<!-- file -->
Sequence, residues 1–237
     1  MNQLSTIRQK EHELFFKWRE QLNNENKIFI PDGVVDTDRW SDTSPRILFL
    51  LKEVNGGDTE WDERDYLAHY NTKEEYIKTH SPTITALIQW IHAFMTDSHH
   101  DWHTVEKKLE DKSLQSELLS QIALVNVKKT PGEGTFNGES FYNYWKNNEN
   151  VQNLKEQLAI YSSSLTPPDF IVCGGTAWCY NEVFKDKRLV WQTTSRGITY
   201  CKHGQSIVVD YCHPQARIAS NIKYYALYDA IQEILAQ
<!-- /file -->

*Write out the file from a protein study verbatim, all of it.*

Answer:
Sequence, residues 1–237
     1  MNQLSTIRQK EHELFFKWRE QLNNENKIFI PDGVVDTDRW SDTSPRILFL
    51  LKEVNGGDTE WDERDYLAHY NTKEEYIKTH SPTITALIQW IHAFMTDSHH
   101  DWHTVEKKLE DKSLQSELLS QIALVNVKKT PGEGTFNGES FYNYWKNNEN
   151  VQNLKEQLAI YSSSLTPPDF IVCGGTAWCY NEVFKDKRLV WQTTSRGITY
   201  CKHGQSIVVD YCHPQARIAS NIKYYALYDA IQEILAQ